This is how I see the calculation:
My projected rent is: $1850
now the expenses:
My monthly expenses would be: (my current mortgage split is 649
(interest) + 412 (principle). I am including the interest part as an
- Mortgage : 649 (interest part)
- HOA : 510
- Property tax: 352
- Estimate of monthly repairs : 100
Don't forget the insurance, management fee, and principle:
- Management fee: 148
- Principle: 412
- Home insurance: 50
Your total: 1611 + the added parts: 610 equals $2,221 per month.
That means that you are losing $371 a month.
From a tax perspective you will be able to reduce the impact of the income by everything on that list with few important caveats:
- You can't use the principle payment to reduce your income.
- You can only count actual expenses for repairs. That means while you can estimate $100 per month, you will will only claim the actual amount.
That means the tax impact will be:
- income $1850
- reduced by : 2221-412 or 1809
That means before counting depreciation the IRS considers that you are making an estimated $41 a month in profit.
You can and must claim depreciation on the property. You must because when you sell the property the tax forms will force you to account for them in the calculation even if you never took them.
When calculating the depreciation of a single family home without a HOA it is simple: you depreciate the value of the improvements and but not the value of the land. With a townhouse or a condo with a HOA, that becomes more difficult. Some of that value when you buy and sell is the area outside the walls. You need to get a tax advisor to make sure the split is done correctly.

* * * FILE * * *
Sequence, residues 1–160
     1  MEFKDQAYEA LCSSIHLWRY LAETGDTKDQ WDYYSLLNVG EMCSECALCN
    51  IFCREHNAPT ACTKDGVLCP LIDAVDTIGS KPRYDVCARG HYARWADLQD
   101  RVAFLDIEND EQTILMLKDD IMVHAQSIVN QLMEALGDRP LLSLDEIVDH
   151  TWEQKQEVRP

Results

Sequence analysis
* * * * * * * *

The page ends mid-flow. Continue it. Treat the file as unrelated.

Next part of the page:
Paid special assessment for major building repairs : $36,000
That special assessment can be problematic. If you were renting the property when that assessment occurred you would need a tax opinion if that can be claimed at the time you make the payment, or if that special assessment has to be depreciated over the lifetime of the item.
Once you get an estimate of the depreciation, you will know if during a typical year you will make or lose money. The risk is that repairs, special assessment, and HOA increases will happen happen at a greater rate than you can increase the rent.
If I change to 15-year loan, that will decrease my interest share of
the mortgage and my equity will build quickly. Will it make sense
This leads to several considerations. The higher rate of principle payment will mean that your monthly expenses will include a higher amount that doesn't reduce the impact of the rent. You will have to run the exact numbers.
Another consideration is that if the lender knows you will be renting the property they may have different income and down payment rules. They will factor in that you will not always have the property rented, so it can be much harder to qualify for a 30 year loan for a rental property let alone a 15 year loan. Some lenders will not even consider a loan for rental property.
Even without the new loan, you need to make sure the HOA allows rentals. Too many rentals make it hard to sell units because some lenders will not make loans in those communities because of the belief that absentee owners mean eventual loss in value.